David Stern's Legacy Extended...On the Ball

Jerry MilaniContributor IJune 9, 2013

December 9, 2011; Westwego, LA, USA; A detailed view of the NBA logo and signature of the commissioner David Stern on a basketball on the first day of New Orleans Hornets training camp practice at the Alario Center. Mandatory Credit: Derick E. Hingle-USA TODAY Sports
Derick E. Hingle-USA TODAY Sports

It's a situation the Treasury has always dealt with pretty flawlessly, but it appears the NBA will have an issue: how to transition out a signature on your currency.

The government deals with money, the NBA with basketballs.

This week, Bloomberg’s Scott Soshnick pointed out that the outgoing commissioner David Stern’s signature will have to stay on all league balls for the entire 2013-2014 season.

Incoming commissioner Adam Silver, who takes over around next year’s All-Star Game, won't see his name bouncing on the hardcourt because of the worry of a new ball coming into play during the regular season.

NBA balls need to be broken in for a certain period of time. Otherwise, they can wreak havoc on the deft ball-handling of the NBA’s elite.

Soshnick wrote that Silver will have his signature on NBA balls to begin the 2014-15 season:

Silver-signed basketballs will be used in games and available at retail outlets beginning with the 2014-15 season, at least six months after the leadership change, according to Spalding, a unit of Berkshire Hathaway’s Inc. (BRK/A)’s Fruit of the Loom unit.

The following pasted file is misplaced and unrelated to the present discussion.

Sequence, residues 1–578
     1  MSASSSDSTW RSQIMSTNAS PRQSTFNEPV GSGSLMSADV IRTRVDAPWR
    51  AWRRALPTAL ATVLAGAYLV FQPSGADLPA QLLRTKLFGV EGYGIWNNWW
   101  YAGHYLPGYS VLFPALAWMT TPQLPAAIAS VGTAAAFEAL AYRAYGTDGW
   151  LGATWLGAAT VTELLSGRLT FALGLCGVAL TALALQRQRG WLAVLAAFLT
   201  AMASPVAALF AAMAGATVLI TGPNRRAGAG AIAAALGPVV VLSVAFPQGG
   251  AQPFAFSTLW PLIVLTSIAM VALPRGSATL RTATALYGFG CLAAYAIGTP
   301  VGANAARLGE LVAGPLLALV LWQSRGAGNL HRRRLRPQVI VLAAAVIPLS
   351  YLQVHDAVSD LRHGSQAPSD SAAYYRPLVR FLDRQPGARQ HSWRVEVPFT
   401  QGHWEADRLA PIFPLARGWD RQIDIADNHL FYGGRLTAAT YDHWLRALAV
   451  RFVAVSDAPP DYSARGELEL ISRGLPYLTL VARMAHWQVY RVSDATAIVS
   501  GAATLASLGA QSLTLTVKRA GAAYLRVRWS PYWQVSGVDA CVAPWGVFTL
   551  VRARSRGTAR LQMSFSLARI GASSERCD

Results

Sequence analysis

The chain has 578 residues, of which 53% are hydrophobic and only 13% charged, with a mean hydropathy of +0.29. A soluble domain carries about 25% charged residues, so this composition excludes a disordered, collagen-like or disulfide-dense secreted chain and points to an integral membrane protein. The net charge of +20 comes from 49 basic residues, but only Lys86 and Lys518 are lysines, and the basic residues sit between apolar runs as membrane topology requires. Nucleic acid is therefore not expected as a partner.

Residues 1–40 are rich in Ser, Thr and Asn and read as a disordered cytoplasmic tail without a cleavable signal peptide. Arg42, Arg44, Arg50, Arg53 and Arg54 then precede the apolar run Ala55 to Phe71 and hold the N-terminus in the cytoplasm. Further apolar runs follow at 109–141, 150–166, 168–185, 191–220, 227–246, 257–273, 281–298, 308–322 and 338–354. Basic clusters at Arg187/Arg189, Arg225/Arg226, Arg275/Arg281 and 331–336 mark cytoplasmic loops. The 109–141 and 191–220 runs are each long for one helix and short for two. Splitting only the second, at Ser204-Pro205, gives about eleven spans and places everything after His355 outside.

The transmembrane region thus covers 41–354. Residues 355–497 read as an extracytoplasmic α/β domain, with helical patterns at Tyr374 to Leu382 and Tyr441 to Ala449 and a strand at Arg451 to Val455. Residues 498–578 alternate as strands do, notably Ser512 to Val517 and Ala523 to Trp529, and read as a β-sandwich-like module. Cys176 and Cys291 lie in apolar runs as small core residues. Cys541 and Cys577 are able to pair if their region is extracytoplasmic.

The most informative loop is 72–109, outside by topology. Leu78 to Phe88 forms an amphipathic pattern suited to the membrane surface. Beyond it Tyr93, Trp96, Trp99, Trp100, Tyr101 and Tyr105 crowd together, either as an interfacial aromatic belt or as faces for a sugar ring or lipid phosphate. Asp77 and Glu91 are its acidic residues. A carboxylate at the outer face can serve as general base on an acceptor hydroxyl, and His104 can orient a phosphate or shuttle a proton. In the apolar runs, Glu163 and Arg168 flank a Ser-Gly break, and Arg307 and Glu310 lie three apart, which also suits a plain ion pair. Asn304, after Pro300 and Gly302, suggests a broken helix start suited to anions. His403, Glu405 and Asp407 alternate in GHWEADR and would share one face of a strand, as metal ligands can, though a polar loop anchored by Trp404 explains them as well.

In finance, the transition is usually pretty easy. For example, when current Secretary Jack Lew took over for Tim Geitner, new dollars printed that day had his signature—although Lew had to alter it because many deemed it initially illegible.

While Americans love the crisp new dollars, hoopsters apparently don’t like slick new basketballs.

There is precedent for not bringing a new ball in during the season and keeping those ball racks stocked with oldies. The league tried to switch to a more synthetic ball during the 2006-07 season and it was panned by players early in the season, resulting in a return to the original ball.

Does Stern need the ball in play to keep his legacy alive? Probably not.

“What David Stern has done for sports and entertainment in his career will obviously go way beyond his signature on a game ball,” said Chris Lencheski, CEO of Front Row Marketing.

“It will probably be a flawless and seamless transition when Adam takes over, and this will probably be the only little bump in the road as administration changes go. Every league, every company, should have such a smooth move from one group to the next as the NBA will probably have.”

It remains to be seen if Stern, like a Hall of Fame athlete, will have a little farewell soiree at NBA arenas next fall like a retiring athlete would. Stern bobblehead nights in New York? A David Stern Fathead evening in L.A.? Probably not.

But his name will remain on the ball—at least until the players break in a new set the following year.

Jerry Milani is a featured writer at Bleacher Report. All quotes were obtained firsthand unless noted.